Lunar Eclipse on Election Day: Here's How, and When, To View the Sky Show in Chicago

Video: Joining "Chicago Tonight" to discuss the eclipse are Geza Gyuk, director of Astronomy at the Adler Planetarium, and "Astro Joe" Guzman, an astronomer and educator. (Produced by Paul Caine)

Election Day 2022 will kick off with a total lunar eclipse: celestial portent or coincidence?

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Though a few clouds may obscure the event from time to time, early rising Chicagoans — or their night owl/insomniac counterparts — should have a good view of the sky show. There won't be another like it until March 2025. (The results were spectacular. Scroll down for photos.)

To watch the eclipse, which is safely seen with the naked eye, look to the west. For city dwellers, buildings and trees may obscure your sightlines as the moon sinks toward the horizon.

Here's the timeline in the central time zone, with tips from NASA on what to expect.

2:02 a.m.: The moon enters the the outer part of Earth's shadow (known as the penumbra). The effect is subtle.

3:09 a.m.: As the moon enters Earth’s inner shadow (the umbra), it will look like a bite is being taken out of the lunar disk. The part of the moon inside the umbra will appear very dark.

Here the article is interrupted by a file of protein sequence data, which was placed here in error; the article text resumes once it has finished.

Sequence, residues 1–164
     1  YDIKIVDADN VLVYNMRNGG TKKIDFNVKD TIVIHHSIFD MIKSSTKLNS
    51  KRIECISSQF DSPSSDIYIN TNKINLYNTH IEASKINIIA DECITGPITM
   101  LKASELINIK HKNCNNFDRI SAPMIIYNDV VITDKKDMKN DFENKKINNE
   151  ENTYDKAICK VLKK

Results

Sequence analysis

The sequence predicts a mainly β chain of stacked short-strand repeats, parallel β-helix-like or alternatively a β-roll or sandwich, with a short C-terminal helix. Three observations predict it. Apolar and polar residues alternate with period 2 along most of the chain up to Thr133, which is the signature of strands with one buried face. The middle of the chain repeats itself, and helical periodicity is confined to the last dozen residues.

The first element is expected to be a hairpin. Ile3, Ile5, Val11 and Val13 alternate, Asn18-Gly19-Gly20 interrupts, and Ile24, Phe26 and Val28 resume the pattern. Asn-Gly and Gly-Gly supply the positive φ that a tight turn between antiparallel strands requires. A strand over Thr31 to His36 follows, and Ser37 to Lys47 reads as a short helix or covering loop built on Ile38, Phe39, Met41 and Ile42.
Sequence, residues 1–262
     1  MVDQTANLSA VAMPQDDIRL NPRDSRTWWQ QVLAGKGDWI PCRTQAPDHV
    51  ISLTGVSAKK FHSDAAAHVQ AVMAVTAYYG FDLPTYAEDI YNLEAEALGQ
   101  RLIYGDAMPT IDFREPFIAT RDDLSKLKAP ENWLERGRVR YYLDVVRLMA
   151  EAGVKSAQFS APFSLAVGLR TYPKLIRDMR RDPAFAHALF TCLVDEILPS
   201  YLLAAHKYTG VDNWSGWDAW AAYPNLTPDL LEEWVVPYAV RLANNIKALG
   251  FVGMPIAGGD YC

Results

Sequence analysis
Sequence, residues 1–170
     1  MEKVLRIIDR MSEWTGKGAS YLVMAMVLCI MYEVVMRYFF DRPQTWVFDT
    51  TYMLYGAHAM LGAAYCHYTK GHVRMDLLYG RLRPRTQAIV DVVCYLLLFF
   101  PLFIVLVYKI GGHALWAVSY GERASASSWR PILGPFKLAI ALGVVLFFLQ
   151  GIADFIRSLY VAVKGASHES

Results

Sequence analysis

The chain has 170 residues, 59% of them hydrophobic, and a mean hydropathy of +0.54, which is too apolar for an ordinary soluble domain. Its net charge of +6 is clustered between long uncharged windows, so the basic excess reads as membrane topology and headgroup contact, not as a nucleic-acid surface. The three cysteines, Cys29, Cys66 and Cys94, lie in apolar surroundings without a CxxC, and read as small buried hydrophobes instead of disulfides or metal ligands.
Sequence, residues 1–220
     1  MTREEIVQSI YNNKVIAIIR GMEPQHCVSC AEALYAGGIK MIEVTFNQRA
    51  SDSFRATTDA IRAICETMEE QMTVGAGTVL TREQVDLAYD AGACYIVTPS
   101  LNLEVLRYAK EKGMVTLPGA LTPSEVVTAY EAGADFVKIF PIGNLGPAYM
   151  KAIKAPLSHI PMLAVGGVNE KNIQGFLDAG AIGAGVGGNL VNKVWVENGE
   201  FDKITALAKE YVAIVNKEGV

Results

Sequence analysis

4:16 a.m.: Totality begins, with the entire moon in the Earth’s umbra. The moon will appear to turn coppery-red, hence the name blood moon. 

4:59 a.m.: Maximum eclipse.

5:41 a.m.: Total eclipse ends and the process reverses. 

What is a lunar eclipse?

A lunar eclipse happens during a full moon, when the moon passes through the Earth's shadow. In other words, Earth is positioned between the moon and sun, and the moon is shrouded in the shadow that Earth casts into space.

Why does the moon "turn" red? 

During an eclipse, light from the sun has to pass through Earth's atmosphere. Blue lightwaves are scattered, but orange, red and yellow light penetrate. According to NASA: "The more dust or clouds in Earth’s atmosphere during the eclipse, the redder the moon will appear. It’s as if all the world’s sunrises and sunsets are projected onto the moon."

For those who miss the show, Adler Planetarium is recording a livestream, available for later viewing.

Those who woke up in the wee hours were rewarded for their efforts. Professional and amateur photographers alike captured the view.

Contact Patty Wetli: @pattywetli | (773) 509-5623 |  [email protected]

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